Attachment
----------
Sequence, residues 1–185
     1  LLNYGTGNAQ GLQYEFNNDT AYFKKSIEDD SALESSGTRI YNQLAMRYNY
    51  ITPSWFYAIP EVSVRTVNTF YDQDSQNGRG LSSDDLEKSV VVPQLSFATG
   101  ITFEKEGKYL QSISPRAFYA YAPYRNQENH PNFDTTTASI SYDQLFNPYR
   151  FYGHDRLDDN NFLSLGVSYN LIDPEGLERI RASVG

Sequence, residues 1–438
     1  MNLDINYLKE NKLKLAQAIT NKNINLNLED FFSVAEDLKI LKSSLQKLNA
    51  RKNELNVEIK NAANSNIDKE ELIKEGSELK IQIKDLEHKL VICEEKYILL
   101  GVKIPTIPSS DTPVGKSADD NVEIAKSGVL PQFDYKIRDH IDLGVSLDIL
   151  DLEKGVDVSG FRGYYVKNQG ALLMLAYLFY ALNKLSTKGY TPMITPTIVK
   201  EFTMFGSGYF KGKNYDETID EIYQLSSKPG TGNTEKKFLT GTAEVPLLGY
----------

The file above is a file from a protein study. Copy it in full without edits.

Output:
Sequence, residues 1–185
     1  LLNYGTGNAQ GLQYEFNNDT AYFKKSIEDD SALESSGTRI YNQLAMRYNY
    51  ITPSWFYAIP EVSVRTVNTF YDQDSQNGRG LSSDDLEKSV VVPQLSFATG
   101  ITFEKEGKYL QSISPRAFYA YAPYRNQENH PNFDTTTASI SYDQLFNPYR
   151  FYGHDRLDDN NFLSLGVSYN LIDPEGLERI RASVG

Sequence, residues 1–438
     1  MNLDINYLKE NKLKLAQAIT NKNINLNLED FFSVAEDLKI LKSSLQKLNA
    51  RKNELNVEIK NAANSNIDKE ELIKEGSELK IQIKDLEHKL VICEEKYILL
   101  GVKIPTIPSS DTPVGKSADD NVEIAKSGVL PQFDYKIRDH IDLGVSLDIL
   151  DLEKGVDVSG FRGYYVKNQG ALLMLAYLFY ALNKLSTKGY TPMITPTIVK
   201  EFTMFGSGYF KGKNYDETID EIYQLSSKPG TGNTEKKFLT GTAEVPLLGY